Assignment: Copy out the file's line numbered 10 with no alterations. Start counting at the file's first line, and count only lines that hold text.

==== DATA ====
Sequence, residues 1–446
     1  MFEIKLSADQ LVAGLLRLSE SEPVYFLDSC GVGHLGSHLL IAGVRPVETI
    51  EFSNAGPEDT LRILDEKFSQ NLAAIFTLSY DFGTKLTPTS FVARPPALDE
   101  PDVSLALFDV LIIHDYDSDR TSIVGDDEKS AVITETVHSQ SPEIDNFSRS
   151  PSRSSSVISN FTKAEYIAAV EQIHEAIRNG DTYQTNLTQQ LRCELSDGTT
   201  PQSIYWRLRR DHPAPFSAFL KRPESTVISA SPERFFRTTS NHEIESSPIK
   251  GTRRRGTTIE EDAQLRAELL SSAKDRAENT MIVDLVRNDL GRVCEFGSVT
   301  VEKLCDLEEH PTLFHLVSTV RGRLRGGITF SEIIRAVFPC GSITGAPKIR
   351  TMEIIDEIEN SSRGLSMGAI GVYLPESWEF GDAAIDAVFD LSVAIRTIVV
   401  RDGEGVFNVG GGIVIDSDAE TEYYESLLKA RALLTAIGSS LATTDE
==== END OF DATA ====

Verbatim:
   401  RDGEGVFNVG GGIVIDSDAE TEYYESLLKA RALLTAIGSS LATTDE